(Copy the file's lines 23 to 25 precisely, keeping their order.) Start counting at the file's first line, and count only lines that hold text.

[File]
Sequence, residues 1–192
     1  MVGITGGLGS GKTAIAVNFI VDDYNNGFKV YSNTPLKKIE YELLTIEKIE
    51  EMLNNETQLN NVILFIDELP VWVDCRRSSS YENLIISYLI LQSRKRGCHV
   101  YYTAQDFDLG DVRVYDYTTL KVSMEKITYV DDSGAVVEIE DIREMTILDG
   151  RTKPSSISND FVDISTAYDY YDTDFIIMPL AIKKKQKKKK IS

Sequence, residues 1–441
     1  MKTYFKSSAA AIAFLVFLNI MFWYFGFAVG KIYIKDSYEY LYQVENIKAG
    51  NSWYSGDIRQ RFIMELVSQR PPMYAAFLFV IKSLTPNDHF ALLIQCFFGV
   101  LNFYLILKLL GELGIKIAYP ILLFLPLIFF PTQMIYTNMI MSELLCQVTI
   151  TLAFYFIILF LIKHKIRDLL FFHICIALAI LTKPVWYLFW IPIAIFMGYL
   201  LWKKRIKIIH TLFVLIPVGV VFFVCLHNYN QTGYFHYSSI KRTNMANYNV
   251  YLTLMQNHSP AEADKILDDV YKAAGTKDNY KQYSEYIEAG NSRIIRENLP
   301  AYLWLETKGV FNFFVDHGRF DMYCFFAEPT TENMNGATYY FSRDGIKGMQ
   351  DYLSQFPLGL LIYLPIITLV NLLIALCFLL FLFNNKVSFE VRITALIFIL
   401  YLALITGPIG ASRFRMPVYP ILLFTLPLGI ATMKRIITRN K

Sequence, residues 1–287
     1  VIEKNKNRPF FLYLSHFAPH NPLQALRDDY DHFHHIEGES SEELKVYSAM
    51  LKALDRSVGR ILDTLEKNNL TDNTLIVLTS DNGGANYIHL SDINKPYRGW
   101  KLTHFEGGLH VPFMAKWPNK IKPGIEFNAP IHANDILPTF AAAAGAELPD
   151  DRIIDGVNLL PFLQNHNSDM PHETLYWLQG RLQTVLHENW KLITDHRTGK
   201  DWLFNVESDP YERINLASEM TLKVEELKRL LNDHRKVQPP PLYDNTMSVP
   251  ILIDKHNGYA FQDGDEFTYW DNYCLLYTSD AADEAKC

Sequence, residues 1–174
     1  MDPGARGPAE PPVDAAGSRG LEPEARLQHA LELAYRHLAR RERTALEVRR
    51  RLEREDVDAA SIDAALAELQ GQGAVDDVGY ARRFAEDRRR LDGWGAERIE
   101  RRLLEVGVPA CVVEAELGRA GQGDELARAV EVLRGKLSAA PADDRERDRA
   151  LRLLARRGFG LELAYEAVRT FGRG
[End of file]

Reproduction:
Sequence, residues 1–174
     1  MDPGARGPAE PPVDAAGSRG LEPEARLQHA LELAYRHLAR RERTALEVRR
    51  RLEREDVDAA SIDAALAELQ GQGAVDDVGY ARRFAEDRRR LDGWGAERIE